20

November

2014

Chevrolet, Rossi News

Winter Driving Tips

Severe weather can be both frightening and dangerous for automobile travel. Motorists should know the safety rules for dealing with winter road emergencies. We want to remind motorists to be cautious while driving in adverse weather.

We recommend the following winter driving tips:

  • Avoid driving while you’re fatigued. Getting the proper amount of rest before taking on winter weather tasks reduces driving risks.
  • Never warm up a vehicle in an enclosed area, such as a garage.
  • Make certain your tires are properly inflated.
  • Never mix radial tires with other tire types.
  • Keep your gas tank at least half full to avoid gas line freeze-up.
  • If possible, avoid using your parking brake in cold, rainy and snowy weather.
  • Do not use cruise control when driving on any slippery surface (wet, ice, sand).
  • Always look and steer where you want to go.
  • Use your seat belt every time you get into your vehicle.

Tips for long-distance winter trips:

  • Watch weather reports prior to a long-distance drive or before driving in isolated areas. Delay trips when especially bad weather is expected. If you must leave, let others know your route, destination and estimated time of arrival.
  • Always make sure your vehicle is in peak operating condition.
  • Keep at least half a tank of gasoline in your vehicle at all times.
  • Pack a cellular telephone plus blankets, gloves, hats, food, water and any needed medication in your vehicle.
  • If you become snow-bound, stay with your vehicle. It provides temporary shelter and makes it easier for rescuers to locate you. Don’t try to walk in a severe storm. It’s easy to lose sight of your vehicle in blowing snow and become lost.
  • Don’t over exert yourself if you try to push or dig your vehicle out of the snow.
  • Tie a brightly colored cloth to the antenna or place a cloth at the top of a rolled up window to signal distress. At night, keep the dome light on if possible. It only uses a small amount of electricity and will make it easier for rescuers to find you.
  • Make sure the exhaust pipe isn’t clogged with snow, ice or mud. A blocked exhaust could cause deadly carbon monoxide gas to leak into the passenger compartment with the engine running.
  • Use whatever is available to insulate your body from the cold. This could include floor mats, newspapers or paper maps.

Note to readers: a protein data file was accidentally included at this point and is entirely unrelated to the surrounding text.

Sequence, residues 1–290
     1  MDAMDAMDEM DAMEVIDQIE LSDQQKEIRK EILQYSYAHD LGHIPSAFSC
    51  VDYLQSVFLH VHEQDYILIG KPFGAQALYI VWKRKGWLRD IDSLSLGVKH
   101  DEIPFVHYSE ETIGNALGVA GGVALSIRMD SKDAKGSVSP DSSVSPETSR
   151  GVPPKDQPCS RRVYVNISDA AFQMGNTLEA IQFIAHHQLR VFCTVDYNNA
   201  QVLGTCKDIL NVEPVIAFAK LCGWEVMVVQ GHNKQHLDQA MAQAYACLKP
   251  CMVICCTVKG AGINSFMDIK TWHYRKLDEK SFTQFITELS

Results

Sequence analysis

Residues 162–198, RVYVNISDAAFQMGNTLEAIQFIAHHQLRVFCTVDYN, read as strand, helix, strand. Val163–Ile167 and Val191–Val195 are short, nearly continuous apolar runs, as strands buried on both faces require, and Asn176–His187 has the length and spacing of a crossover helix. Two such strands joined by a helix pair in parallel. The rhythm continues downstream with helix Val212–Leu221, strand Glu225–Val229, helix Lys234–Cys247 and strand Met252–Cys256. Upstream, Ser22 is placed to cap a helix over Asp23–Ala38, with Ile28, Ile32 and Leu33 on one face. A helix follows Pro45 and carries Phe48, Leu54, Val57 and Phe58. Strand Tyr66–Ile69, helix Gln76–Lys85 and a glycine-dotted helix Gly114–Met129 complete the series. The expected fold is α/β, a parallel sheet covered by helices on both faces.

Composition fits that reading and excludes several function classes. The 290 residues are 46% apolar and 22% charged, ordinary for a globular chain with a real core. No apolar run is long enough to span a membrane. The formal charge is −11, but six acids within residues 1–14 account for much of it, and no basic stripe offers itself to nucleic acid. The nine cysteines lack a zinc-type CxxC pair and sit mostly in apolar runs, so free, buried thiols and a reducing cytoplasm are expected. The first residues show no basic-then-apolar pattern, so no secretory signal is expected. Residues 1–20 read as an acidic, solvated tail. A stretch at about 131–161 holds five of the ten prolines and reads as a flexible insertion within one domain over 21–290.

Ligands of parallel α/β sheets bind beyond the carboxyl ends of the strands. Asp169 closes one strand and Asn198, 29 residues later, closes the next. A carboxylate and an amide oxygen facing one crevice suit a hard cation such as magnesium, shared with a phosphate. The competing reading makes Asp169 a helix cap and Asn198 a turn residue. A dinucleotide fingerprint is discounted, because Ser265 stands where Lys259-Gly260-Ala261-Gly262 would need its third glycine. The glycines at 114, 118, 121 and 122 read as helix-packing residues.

• If possible run the engine and heater just long enough to remove the chill and to conserve gasoline.

Tips for driving in the snow:

  • Accelerate and decelerate slowly. Applying the gas slowly to accelerate is the best method for regaining traction and avoiding skids. Don’t try to get moving in a hurry. And take time to slow down for a stoplight. Remember: It takes longer to slow down on icy roads.
  • Drive slowly. Everything takes longer on snow-covered roads. Accelerating, stopping, turning – nothing happens as quickly as on dry pavement. Give yourself time to maneuver by driving slowly.
  • The normal dry pavement following distance of three to four seconds should be increased to eight to ten seconds. This increased margin of safety will provide the longer distance needed if you have to stop.
  • Know your brakes. Whether you have antilock brakes or not, the best way to stop is threshold breaking. Keep the heel of your foot on the floor and use the ball of your foot to apply firm, steady pressure on the brake pedal.
  • Don’t stop if you can avoid it. There’s a big difference in the amount of inertia it takes to start moving from a full stop versus how much it takes to get moving while still rolling. If you can slow down enough to keep rolling until a traffic light changes, do it.
  • Don’t power up hills. Applying extra gas on snow-covered roads just starts your wheels spinning. Try to get a little inertia going before you reach the hill and let that inertia carry you to the top. As you reach the crest of the hill, reduce your speed and proceed downhill as slowly as possible.
  • Don’t stop going up a hill. There’s nothing worse than trying to get moving up a hill on an icy road. Get some inertia going on a flat roadway before you take on the hill.
  • Stay home. If you really don’t have to go out, don’t. Even if you can drive well in the snow, not everyone else can. Don’t tempt fate: If you don’t have somewhere you have to be, watch the snow from indoors.

Original post can be viewed here: http://exchange.aaa.com/safety/roadway-safety/winter-driving-tips/

Five Habits That Will Ruin Your Car | Rossi Chevrolet Buick GMC

Avoiding these habits can go a long way in preventing an expensive repair bill.